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Mary's Marriage Personal Appearance And Popularity

Mary The Queen Dauphiness The Queen And The Queen Dowager Of France

A Tangle

Occurrences Immediately Preceding Darnley's Death

An Examination Of The Letters Sonnets And Other Writings Adduced In Evidence Against Mary Queen Of Scots

The Little Waif

Rizzio

Addendum

Mary's Birth And Subsequent Residence At The French Court

The Fall Of Bothwell



Least Viewed

Loch Leven Castle

The Ebbing Well

The Love Token

My Lady's Remorse

Wingfield Manor

Return To Scotland

Mary's Reception In England And The Conferences At York And Westminster

Mary's Eighteen Years' Captivity

Ten Years After

The Huckstering Woman






Unquiet








Bridgefield was a peaceable household, and the castle and manor beyond
might envy its calm.

From the time of the marriage of Elizabeth Cavendish with the young
Earl of Lennox all the shreds of comfort which had remained to the
unfortunate Earl had vanished. First he had to clear himself before
Queen Elizabeth from having been a consenting party, and then he found
his wife furious with him at his displeasure at her daughter's
aggrandisement. Moreover, whereas she had formerly been on terms of
friendly gossiphood with the Scottish Queen, she now went over to the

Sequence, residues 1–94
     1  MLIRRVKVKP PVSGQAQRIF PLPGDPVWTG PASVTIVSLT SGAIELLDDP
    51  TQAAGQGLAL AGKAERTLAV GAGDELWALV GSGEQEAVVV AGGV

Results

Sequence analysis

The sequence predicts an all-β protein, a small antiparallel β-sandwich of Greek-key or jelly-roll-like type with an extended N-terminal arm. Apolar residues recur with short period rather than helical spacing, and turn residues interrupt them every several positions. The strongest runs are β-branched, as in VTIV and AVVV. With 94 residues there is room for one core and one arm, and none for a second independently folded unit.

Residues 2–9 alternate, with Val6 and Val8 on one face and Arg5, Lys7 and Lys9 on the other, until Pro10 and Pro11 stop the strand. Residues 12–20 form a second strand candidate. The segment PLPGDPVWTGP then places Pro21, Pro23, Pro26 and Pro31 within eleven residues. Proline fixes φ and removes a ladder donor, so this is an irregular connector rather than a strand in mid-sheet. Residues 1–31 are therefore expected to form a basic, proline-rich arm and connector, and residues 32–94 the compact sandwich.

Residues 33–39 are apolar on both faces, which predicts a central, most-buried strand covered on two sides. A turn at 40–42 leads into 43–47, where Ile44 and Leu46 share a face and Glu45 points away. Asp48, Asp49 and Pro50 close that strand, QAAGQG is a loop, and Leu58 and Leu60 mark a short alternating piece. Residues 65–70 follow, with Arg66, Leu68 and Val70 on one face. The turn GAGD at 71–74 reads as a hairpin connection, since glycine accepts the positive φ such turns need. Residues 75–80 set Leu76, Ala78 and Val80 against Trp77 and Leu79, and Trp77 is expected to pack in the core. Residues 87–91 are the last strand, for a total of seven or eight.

Lennox side because her favourite daughter had married among them; and
it was evident that from that moment all amity between her and the
prisoner was at an end.

She was enraged that her husband would not at once change his whole
treatment of the Queen, and treat her as such guilt deserved; and with
the illogical dulness of a passionate woman, she utterly scouted and
failed to comprehend the argument that the unhappy Mary was, to say the
least of it, no more guilty now than when she came into their keeping,
and that to alter their demeanour towards her would be unjust and
unreasonable.

"My Lady is altogether beyond reason," said Captain Talbot, returning
one evening to his wife; "neither my Lord nor her daughter can do ought
with her; so puffed up is she with this marriage! Moreover, she is
hotly angered that young Babington should have been sent away from her
retinue without notice to her, and demands our Humfrey in his stead as
a page."

"He is surely too old for a page!" said his mother, thinking of her
tall well-grown son of fifteen.

"So said I," returned Richard. "I had sooner it were Diccon, and so I
told his lordship."

Before Richard could speak for them, the two boys came in, eager and
breathless. "Father!" cried Humfrey, "who think you is at Hull? Why,